Pearl: “witch baby” or confused child? – The Scarlet Letter Essay

Pearl: “witch baby” or confused child? – The Scarlet Letter Essay
Nathaniel Hawthorne’s classic novel, The Scarlet Letter, tells the tragic tale of Hester Prynne, a beautiful, righteous Puritan of the Massachusetts Bay Colony, who
becomes a social outcast following the birth of her

illegitimate daughter Pearl. The strict Puritan society punishes Hester by forcing her to forever wear a scarlet “A” and banishing her from the community; thus simultaneously punishing Pearl, and leading her into a confused childhood. Because of Pearl’s odd attributes and the fact that she had no father, the Puritan community began to wonder if Pearl was a “witch-baby” fathered by the Devil. However, it is much more probable, considering Pearl’s situation, that this was not the case; but rather that Pearl was simply a confused child living in difficult circumstances.

Throughout the novel Pearl is referred to as “the scarlet letter endowed with life (103),” because she is Hester’s constant reminder of her sin. Because of this, Hester’s view of Pearl is obstructed by her own guilty conscience, and thus, Hester’s own sin leads her to believe, along with the Puritan community, that Pearl might be a “witch-baby.” Sadly, because Hester is a single mother, and because she feels so guilty about her sin, she is not able to raise Pearl to be an obedient Puritan child. “After testing both smiles and frowns, and proving that neither mode of treatment possessed any calculable influence, Hester was ultimately compelled to stand aside, and permit [Pearl] to be swayed by her own impulses (94).” Consequently, when Reverend Wilson asks Pearl “Canst thou tell me, my child, who made thee? (111)” Pearl responds, out of defiance, that she was “plucked by her mother off the bush of wild roses that grew by the prison door (111).” While this causes Mr. Wilson to think that Pearl does not believe in God, in fact, Pearl’s response was suggested by a rose bush outside the window and conjured up as a result of her insolence.

Sadly, because of Hester’s sin, Pearl was isolated from the other Puritan children, and “was a born outcast of the infantile world. An imp of evil, emblem and product of sin, she had no right among christened infants (95).” Since Pearl could not associate with other children, she created her own imaginary world in nature. Also, due to Hester and Pearl’s strange isolation “the little Puritans . . . had got a vague idea of something outlandish . . . in the mother and child; and therefore scorned them in their hearts, and not unfrequently reviled them with their tongues. Pearl felt the sentiment, and requited it with the bitterest hatred that can be supposed to rankle in a childish bosom (96).” Thus, she would “[snatch] up stones to fling at [the Puritan children] with shrill, incoherent exclamations (96)” whenever they gathered around her. Pearl’s fierce temper was not inherited from the Devil, as believed by the Puritans, but rather it was forced upon her by the Puritan society, which isolated her and prevented her from having a normal childhood.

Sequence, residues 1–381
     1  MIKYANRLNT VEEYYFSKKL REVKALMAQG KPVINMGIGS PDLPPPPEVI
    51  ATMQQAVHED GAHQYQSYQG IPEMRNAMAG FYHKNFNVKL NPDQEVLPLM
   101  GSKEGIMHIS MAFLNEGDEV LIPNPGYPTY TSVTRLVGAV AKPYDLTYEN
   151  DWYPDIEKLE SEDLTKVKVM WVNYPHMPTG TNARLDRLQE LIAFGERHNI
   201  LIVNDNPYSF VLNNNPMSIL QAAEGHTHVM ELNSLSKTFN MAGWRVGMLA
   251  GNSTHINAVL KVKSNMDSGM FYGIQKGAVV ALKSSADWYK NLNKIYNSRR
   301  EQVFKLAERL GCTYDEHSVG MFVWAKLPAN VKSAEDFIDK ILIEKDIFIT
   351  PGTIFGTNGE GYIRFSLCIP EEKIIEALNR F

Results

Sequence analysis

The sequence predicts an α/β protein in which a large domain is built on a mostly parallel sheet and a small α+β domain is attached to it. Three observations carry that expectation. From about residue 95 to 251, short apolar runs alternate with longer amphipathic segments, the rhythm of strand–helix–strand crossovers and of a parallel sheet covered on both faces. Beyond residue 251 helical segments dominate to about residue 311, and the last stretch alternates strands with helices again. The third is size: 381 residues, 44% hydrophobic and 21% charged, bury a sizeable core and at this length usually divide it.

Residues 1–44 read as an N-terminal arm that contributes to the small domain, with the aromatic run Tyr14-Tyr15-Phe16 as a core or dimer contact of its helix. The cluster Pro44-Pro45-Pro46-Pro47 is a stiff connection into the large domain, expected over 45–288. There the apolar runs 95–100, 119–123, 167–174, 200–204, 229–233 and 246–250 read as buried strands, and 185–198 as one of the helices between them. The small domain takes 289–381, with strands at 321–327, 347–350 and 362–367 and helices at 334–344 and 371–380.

While Pearl is viewed by the Puritan society as being a sinful, wicked child, in fact, she is one of the most innocent characters in the novel. For example, when Pearl washes off Reverend Dimmesdale’s kiss in the forest, it is not because she feels she cannot love the Reverend since he is connected to God, but rather because she knows he is keeping a secret from her, as well as from the Puritan community, and refuses to be kind to him until he reveals the truth. Also, Pearl’s odd fascination with the scarlet letter is a result of her connection with it. Throughout the novel, Pearl is identified with the scarlet letter, and is a constant reminder to her parents of their sin. When Hester casts off the letter in the forest, Pearl refuses to be pacified until Hester returns the letter to her bosom, thus ensuring that she will not forget her sin.

Considering Pearl’s isolation from Puritan society and her inferior upbringing, it is much more likely that Pearl was not a “witch-baby,” as believed by Hester and the Puritan society in The Scarlet Letter, but rather, simply a confused child. Luckily, as the story ends and Reverend Dimmesdale reveals his sin on the scaffold, Pearl is able to live a normal life because the burden of her parents’ sin was lifted from her soul. “Pearl kissed [Reverend Dimmesdale’s] lips. A spell was broken . . . and as her tears fell upon her father’s cheek, they were the pledge that she would grow up amid human joy and sorrow (238).”